• More of the other stuff- Ya know, that super important stuff that coaches talk about but we don’t always do. Cross training, plyos, strides, hill sprints, hurdle hip mobility drills, strength training.  The little stuff really does make a big difference.  I get into something for a while and then when I get deep into a training cycle, life gets crazy the little things fall off.  Just as I would plan and log miles. I have  set up a tracking system to emphasis these components during my different training cycles.

Blogging and Coaching Goals

  • Grow my blog readership and increase my engagement with readers and followers.  I’ll be more deliberate, about actively connecting with the online running community.  I love it so much, as with anything time becomes an issue and its the first thing to fall off.
  • Help more runners fall in love with running and reach their goals through  my online coaching business.  I love sharing my passion and helping other reach their goals. This amount of time I spend with runners leaves me so fulfilled and I want to return that back to our community
  • Instagram?-  I think I want to be more deliberate in capturing my running journey through pictures and sharing on social media.  I think putting a face the story really helps reader get to know me. I just also, really hate taking pictures of myself.  I feel silly when people “catch” me taking post run selfies. Like, I am probably to old for this stuff.

So, that is my list of goals for 2019.  Aside from me crazy goal of hitting the trials standard, the other things are little changes that I think will make a big difference.  What are you goals for 2019?  Do you like making 2019 goals/resolutions?

 

Need a coach to help you reach your running goals?

RunCanvas has some amazing New Years Specials going on to help make your 2019 goals a little easier!  

 

VDot certified! I am a VDot  Certified coach with over  10 years of coaching experience! I have worked with young beginners in the middle school level, high school athletes, and adults runners of all abilities.   Check out my coaching page for more information!

Why YOU should become a runner 2019

Running is awesome! I am sure it is no surprise, to anyone that I meet, that I think running is pretty great.  I am not the only one, however. Running is growing in popularity, it is definitely having a moment.  There is a reason why, running really is for everyone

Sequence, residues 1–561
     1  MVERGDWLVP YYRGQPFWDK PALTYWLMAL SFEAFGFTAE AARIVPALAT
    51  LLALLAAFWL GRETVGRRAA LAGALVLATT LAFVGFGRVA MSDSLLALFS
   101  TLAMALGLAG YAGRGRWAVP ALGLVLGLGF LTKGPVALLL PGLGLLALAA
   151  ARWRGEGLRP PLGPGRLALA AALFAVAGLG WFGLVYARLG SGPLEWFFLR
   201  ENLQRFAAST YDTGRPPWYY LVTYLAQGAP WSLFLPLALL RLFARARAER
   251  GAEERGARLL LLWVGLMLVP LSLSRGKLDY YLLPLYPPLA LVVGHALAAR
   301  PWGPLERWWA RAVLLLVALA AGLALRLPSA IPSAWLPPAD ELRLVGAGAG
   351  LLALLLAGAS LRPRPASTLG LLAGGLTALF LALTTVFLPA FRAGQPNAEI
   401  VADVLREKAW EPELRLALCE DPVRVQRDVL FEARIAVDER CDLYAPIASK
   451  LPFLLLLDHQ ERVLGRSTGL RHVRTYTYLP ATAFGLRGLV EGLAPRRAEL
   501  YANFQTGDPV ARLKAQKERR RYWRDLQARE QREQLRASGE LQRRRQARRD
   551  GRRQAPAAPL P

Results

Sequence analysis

Why everyone should become a runner?

  • Running is not one size fits all. Training and goals are all specific to the individual.  Unlike many other sports, your biggest competitor is yourself and the clock.  It’s an amazing feeling to run your first race, and complete it.  It’s an even better feeling when you set a goal and watch yourself break new PRs (personal records), after putting in the work. You EARNED that.  There are so many new types of races and distances available.  Really, there is a race out there for every type of person; casual, competitive, destination, fun, obstacle, dog races, trail, road, holiday and so much more.
    • You can check out my post on picking goal races here
  • Running is a great way to meet new people! The running community is full of awesome, uplifting and motivated individuals. As a collective whole, I haven’t met a more supportive and goal oriented group of people. My running friends go out of their way to meet up for runs, push you through difficult workouts and cheer you on to new PRs. You know you have made a great new friend, when they agree to get up a zero-dark-thirty, put on a headlamp and run with you.  It’s always worth it! Bonus, are you single?  Running is full of other goal oriented, active singles.img_0066Health– I am sure I don’t have to tell you, that running is good for you. There are so many health benefits to beginning a consistent running routine.  This doesn’t include diving head first into a high-mileage marathon program.  Running at least 30 minutes a week, 3 times a week has great health benefits.  Regular running raises your HDL cholesterol (good cholesterol) and boosts your immune system. Running can lower your risk of many diseases; including some types of cancer, diabetes and osteoporosis.  Running may help by reducing high blood pressure and lowering your risk of heart attacks.  Running tops the charts as one of the best way to burn calories.  Worried about your knees? Don’t be, here is a great post on how running is actually GOOD for your knees.  The best part is, it can be done almost anywhere at any time!
  • Mental Health-running is a great stress reliever. When you exercise, your body releases endorphins (a natural hormone that acts similar to a drug that improves mood and increases energy). These hormones are also great in decreasing your risk for depression. Ask a runner, friend. They usually are in a better mood on days they get to run.

Steps to successfully becoming a runner

               Many people want to start out the new year with awesome New Year’s Resolutions.  The problem is many of them don’t make it to spring break.  Let’s not become another failed resolution, and instead, become a success.

Let’s making 2019 the year you became a runner.

  1. Running doesn’t have to be expensive, to get started. One thing I do recommend before diving into a running program, is investing in some good running shoes.  Go to a local running store, one that will watch you run and help you select the correct pair of running shoes for your stride.  This is very important to a new runner.  You are going to work new muscles and may have some soreness. Prevent injuries and get the right kind of running shoes, to give you the best chance for success.